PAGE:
ALICE Families in crisis even before COVID-19

To read a copy of the United Way of Collier and the Keys report and find county-by-county and town-level data on the size and demographics of ALICE as well as the community conditions and costs faced by ALICE households, visit www.UnitedForALICE.org/Florida

COLLIER COUNTY, FL — When COVID-19 hit, over 42,000 Collier County households were one emergency away from financial ruin, setting the stage for the unprecedented economic impact of the crisis. Florida’s latest ALICE Report, released today by United Way of Florida, in partnership with United For ALICE and the United Way of Collier and the Keys, highlights hardworking yet struggling residents who have little or no savings and are vulnerable to the ramifications of COVID-19. The Florida ALICE Report and the Collier County ALICE breakdown can be viewed here: https://unitedwayofcolliercounty.org/alice/

ALICE workers play essential roles in our local economy, building and repairing our infrastructure and educating and caring for our past, current, and future workforce. Some are in the front lines caring for COVID-19 patients. Yet many ALICE workers do not have basic employee protections — such as annual salary, adequate health care coverage, and access to other benefits — that would help them withstand the COVID-19 crisis. Half of all jobs across the county are paid by the hour, and most ALICE workers don’t get paid if a conference is postponed, a restaurant is closed, or an event is cancelled.

Over the last decade, Collier County’s ALICE families systematically lost buying power and financial stability as the high cost of essentials outpaced wages, driving the number of ALICE households to rise to 39% percent from 36% by 2018, the report shows. That 3% is roughly 4,300 households, and thousands more individual residents.

The Household Survival Budget, which drills down into detailed local-level estimates on costs such as food and transportation, where only state or national data were previously available. The latest findings also factor in geographic differences in the cost of living and include a broader range of expenses — including housing, food, transportation, childcare, health care and other basic necessities. It does not include savings for emergencies or future goals like college or retirement.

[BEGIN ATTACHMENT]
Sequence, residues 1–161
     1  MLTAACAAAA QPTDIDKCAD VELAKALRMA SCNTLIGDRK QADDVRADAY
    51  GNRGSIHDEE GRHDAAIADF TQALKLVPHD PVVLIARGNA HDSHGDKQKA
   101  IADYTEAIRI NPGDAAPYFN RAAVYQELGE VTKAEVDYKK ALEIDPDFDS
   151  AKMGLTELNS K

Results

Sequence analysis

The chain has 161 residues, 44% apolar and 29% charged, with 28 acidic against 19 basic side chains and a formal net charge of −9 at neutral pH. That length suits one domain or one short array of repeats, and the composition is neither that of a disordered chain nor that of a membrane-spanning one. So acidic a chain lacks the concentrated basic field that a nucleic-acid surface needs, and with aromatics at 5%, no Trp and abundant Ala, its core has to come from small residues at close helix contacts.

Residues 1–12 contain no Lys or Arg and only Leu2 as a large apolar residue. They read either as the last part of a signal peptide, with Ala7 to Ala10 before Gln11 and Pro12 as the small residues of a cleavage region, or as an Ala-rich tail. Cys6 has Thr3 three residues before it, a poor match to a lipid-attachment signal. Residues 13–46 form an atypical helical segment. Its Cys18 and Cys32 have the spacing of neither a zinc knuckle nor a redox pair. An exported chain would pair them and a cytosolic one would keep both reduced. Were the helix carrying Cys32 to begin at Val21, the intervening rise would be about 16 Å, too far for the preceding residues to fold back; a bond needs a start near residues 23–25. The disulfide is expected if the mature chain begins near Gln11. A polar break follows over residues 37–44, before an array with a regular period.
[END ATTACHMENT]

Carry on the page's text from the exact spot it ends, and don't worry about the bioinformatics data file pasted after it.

In 2018, the Federal Poverty Level was $12,140 for a single adult and $25,100 for a family of four. To put that into perspective, the Florida Household Survival Budget for a single adult is currently $26,496 and $75,204 for a family of four.

Families with children have been hit the hardest, whose Household Survival Budget was already astronomically high in 2016 at $58,272. Even after adjusting for higher state and city minimum wages, there is nowhere in Collier County where a minimum-wage worker — even a single adult without children — earns enough to meet the requirements of their local household budget.

While wages for ALICE workers have remained largely stagnant, the cost of six essentials grew on average 3.4 percent annually over the past decade. That contrasts with a rate of inflation of 1.8 percent. As a result, ALICE households grew to account for 39 percent of Colliers’s households in 2018, while in contrast, poverty levels remained largely flat at about 13 percent.

The report shows ALICE households were locked out of the boom economy and unable to establish savings due to meager pay raises and inconsistent job hours, schedules, and benefits.

“No matter how hard ALICE families worked, the gap between their wages and the cost of basics just kept widening,” said Steve Sanderson, President and CEO of the United Way of Collier and the Keys. “These already fragile ALICE households are now facing an even deeper financial hole due to the state of emergency created by COVID-19.”

With the county reopening in stages, ALICE workers may feel pressured to go to work even if sick, which could contribute to the spread of COVID-19. 

“We’ve known that our economy was increasingly reliant on these families we call ALICE, who are financially vulnerable to one emergency,” said Sanderson. “COVID-19 became that one universal emergency. ALICE families are facing the greatest health and financial risks today, as they are the workers who don’t have health insurance, have no paid sick days, and whose children receive daily meals at school.”

United Way of Collier and the Keys established a Community Coronavirus Fund to support those ALICE families who have been impacted by the pandemic, and they recently announced their partnership with the Collier County Community and Human Services Division to provide more than $1.4 million for rent and mortgage assistance to qualifying households impacted by COVID-19. The Remote Crisis Case Management system (RCCM) will continue to be supported by the Community Coronavirus Fund, which is accepting donations at https://unitedwayofcolliercounty.org/community-coronavirus-fund/.

About United Way of Collier and the Keys

The United Way of Collier and the Keys (“UWCK”) is committed to investing in and working to create a community where all individuals and families in Collier and Monroe Counties have an opportunity to thrive and achieve their full potential. We will accomplish this through improving education, economic stability and health, as well as providing access to food and safety net services. United Way plays a unique role in convening businesses, nonprofits and government to work together to address community needs. Give. Advocate. Volunteer. LIVE UNITED.

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